My Ten Favorite RPG Products of All Time.
Whenever it comes to any list of ten greatest role-playing game products you're bound to find people saying things like, "But you didn't include my really obscure favorite product that was only produced for one summer by this blind, Irish immigrant on 14th St. in New Orleans. It totally predated all of your mainstream bullshit by, like, 150 years. You're fucking lame, dude."
I'm going to stop you right there, hipster. I make no pretense at knowing every esoteric book attached with the hobby - nor do I have any intention of wading through the muck of games like FATAL to prove my geek cred - but that doesn't mean that I don't want to hear about your favorites. So write your own lists and leave me a link in the comments (I'll add your link to the bottom of the page) or leave me a comment down below telling me about some of your favorites that I've missed and why they rock.
That's the fun part of lists like this: you get to tell everybody about your favorite products and hear about their favorites in return. So here's mine:
10.) Rifts Sourcebook #1 by Kevin Siembieda: This book was one of the first rpg books that I bought where you were encouraged to go far beyond dungeon room A12-c3 and its orc guarding a chest filled with dirty rags and smutty magazines. This book taught me that your players can be easily fooled by gigantic robots into overlooking the real threat, and that deception wasn't something that should be done only by your enemies. It taught me that the bad guys can hit and run and that winning a fight can sometimes be the worst move you can make.
9.) The Rythlondar Chronicles: I've never really been sure who wrote the majority of these but I'm eternally grateful that they did, and even more so to Risus Monkey for making them available to the world again. This Chronicle is an eye opening look into the early days of the hobby and into the beauty that comes when you remove yourself from your expectations for what a game should be and just create the game you want to play. Since I first found the pdf version of these Chronicles I've read them a half dozen times and every time I read them I find something new.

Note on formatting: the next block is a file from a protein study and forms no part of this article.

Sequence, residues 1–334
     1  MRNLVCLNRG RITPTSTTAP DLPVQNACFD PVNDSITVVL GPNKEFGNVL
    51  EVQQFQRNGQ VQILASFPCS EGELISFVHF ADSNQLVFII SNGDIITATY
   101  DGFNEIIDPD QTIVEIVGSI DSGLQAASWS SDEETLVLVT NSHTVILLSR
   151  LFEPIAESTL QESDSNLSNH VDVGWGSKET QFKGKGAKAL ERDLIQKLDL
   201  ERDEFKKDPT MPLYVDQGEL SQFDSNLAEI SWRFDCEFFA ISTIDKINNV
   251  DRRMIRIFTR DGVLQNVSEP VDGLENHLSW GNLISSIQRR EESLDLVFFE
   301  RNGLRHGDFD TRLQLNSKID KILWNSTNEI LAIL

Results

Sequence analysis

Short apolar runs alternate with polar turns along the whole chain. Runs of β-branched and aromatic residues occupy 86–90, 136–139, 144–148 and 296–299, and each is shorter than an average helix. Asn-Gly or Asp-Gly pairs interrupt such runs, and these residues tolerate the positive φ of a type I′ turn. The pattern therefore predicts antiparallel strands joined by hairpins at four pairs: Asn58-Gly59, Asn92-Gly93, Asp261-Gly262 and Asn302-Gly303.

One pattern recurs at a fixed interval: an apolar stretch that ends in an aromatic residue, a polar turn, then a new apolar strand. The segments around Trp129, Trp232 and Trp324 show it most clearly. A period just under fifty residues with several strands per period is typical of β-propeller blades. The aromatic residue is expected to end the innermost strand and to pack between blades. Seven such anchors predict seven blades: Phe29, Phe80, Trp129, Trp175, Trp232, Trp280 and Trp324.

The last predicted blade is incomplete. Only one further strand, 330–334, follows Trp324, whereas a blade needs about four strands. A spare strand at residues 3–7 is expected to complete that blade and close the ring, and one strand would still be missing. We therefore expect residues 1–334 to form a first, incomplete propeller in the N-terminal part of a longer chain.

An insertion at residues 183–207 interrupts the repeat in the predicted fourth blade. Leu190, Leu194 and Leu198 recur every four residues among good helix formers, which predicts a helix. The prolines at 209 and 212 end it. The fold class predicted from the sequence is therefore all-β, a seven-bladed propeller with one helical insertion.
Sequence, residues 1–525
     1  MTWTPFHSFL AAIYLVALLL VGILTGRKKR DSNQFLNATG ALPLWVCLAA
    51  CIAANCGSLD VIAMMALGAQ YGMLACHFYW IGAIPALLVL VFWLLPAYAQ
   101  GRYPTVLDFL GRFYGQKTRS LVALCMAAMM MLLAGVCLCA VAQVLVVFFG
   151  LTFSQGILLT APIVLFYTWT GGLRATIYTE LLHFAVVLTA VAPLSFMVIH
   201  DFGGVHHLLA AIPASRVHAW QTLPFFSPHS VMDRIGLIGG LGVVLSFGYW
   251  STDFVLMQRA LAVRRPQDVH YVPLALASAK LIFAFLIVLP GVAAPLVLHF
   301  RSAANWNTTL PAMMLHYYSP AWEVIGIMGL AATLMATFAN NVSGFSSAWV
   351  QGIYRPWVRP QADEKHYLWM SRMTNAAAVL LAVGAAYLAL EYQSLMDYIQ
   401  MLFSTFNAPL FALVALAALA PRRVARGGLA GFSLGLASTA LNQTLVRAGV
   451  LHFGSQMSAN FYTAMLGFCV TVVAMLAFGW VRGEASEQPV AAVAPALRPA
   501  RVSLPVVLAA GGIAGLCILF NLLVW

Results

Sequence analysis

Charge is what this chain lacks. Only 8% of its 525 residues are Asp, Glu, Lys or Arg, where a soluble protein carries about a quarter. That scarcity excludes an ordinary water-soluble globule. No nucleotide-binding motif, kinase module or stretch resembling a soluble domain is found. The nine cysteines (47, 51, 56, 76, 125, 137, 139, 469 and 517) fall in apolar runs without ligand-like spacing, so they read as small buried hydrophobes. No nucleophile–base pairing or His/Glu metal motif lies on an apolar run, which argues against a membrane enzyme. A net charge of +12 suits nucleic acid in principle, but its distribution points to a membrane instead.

8.) Greyhawk Adventures by James M. Ward: This was my introduction to the world of Greyhawk. It's an easy read and there is so much inspiring material here that even ten years after starting running in the world of Greyhawk I'm still able to read it and bring something new into my game. I'd gush some more about this product but once I start I'll never stop.
7.) Carcosa by Geoffrey McKinney: This setting book burned up the OSR blog-o-sphere and the rpg forums years before I became involved in rpg blogging. What made this book so controversial? The Sorcerous Rituals where virgin sacrifices and the blood of imaginary children dribbled down cruel blades as vile gods were called back from the void that spawned them.
That people who wax on for days about Lovecraft and Howard got so damned up in arms over this book has always mystified me. This doesn't glorify the darkness that permated their worlds; instead it is a refreshing reminder to step away from your modern sensibilities and to remember that evil should be cruel. It pushes you away from the greys and dulled moral equivocations that wash our daily lives and for that I cannot express how great a book this is.
Since I picked up this book in pdf I have continuously regretted not purchasing it in hardback. It is a fantastic resource that will give you a world darker and crueler than your vanilla dreams have room for, and it will spawn villains that will haunt your player's waking moments.